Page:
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a reply to: enlightenedservant



But judging people to be superior or inferior because of pigmentation is literally one of the stupidest things I've ever heard. So I admittedly find joy in seeing racial supremacists find out their own bloodlines include the same "races" and/or racial traits that they've railed against. That goes for the ethnic and racial bigots from every demographic that I've ever come across.


I think we're often on the same page and we are again in our respective outlooks on racism. It's a part of the human condition we can overcome. It's good to see you bringing India into the mix too because we can sometimes focus are criticisms close to home and overlook it elsewhere. Unfortunately, it's looking like we're heading for more racial bigotry and chauvinism rather than less.



For the record, I'm mostly a collection of African ethnic groups, mixed with at least 2 Native American groups, and at least 1 "white" ancestor from 6 generations back on my Mom's side. In America I'm "black", but in many other countries I'm not considered "black" because I'm not "pure" African.


I remember studying aspects of this at uni; 'high yellows' and 'mulattos' were as much a part of black American culture as they were racial pejoratives in white culture. For example, Iceberg Slim defined people along skin tone lines. I think it was Studs Terkel who wrote about 'passing' whereby some lighter-skinned women could cross over and live as whites in the Jim Crow years. They'd be looked down on by darker women who treated them as race traitors and 'half castes.'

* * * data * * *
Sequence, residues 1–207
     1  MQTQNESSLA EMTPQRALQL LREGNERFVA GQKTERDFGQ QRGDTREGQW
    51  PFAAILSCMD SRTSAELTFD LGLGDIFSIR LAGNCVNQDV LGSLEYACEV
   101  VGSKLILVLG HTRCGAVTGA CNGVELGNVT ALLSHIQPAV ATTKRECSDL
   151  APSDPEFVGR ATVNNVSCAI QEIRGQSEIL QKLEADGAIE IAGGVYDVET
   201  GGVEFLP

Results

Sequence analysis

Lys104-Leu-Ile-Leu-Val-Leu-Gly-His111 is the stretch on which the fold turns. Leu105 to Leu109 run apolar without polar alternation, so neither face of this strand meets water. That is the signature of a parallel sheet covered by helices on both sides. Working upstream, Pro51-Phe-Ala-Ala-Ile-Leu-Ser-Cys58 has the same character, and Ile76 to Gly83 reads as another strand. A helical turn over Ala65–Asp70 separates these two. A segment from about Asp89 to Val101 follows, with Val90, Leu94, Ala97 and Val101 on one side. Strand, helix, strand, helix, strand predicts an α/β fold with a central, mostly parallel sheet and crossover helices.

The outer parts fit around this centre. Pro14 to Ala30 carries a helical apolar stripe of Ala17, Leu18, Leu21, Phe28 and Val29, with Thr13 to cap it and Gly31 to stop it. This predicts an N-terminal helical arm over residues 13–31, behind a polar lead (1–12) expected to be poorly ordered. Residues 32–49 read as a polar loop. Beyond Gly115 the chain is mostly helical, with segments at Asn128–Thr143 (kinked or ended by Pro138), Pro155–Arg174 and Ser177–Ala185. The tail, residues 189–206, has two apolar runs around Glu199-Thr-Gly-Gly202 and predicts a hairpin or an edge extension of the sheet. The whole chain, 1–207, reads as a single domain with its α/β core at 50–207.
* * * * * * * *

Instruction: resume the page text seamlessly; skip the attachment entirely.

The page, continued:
Another way of looking at mixed heritage is its narrative value. Our histories are many-storied and colourful. If my ancestry test shows some ancient R1a lineage I'll be very pleased to know the family has lived in NW Europe for centuries. On the other hand, if we have Romany, Berber, Gaul or whatever else in there, I'll be equally pleased because it's all stories.



posted on Feb, 10 2018 @ 05:05 AM
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a reply to: Kandinsky



I think we're often on the same page and we are again in our respective outlooks on racism. It's a part of the human condition we can overcome. It's good to see you bringing India into the mix too because we can sometimes focus are criticisms close to home and overlook it elsewhere. Unfortunately, it's looking like we're heading for more racial bigotry and chauvinism rather than less.

The optimist in me believes that we're witnessing the dying moments of racism as a major issue. There will always be people who judge others strictly based on appearances, but I'm expecting it to become as irrelevant as judging people based on foot size.

That's one of the great things about globalization and the internet. People from all over the world can become exposed to virtually every other human culture on the planet. Many times it's the fear of the unknown that causes people to hate what they don't understand. So I think that with enough exposure, people will realize that people in other cultures are just as good/bad/smart/stupid/cool/lame as the people we already know, regardless of their appearances.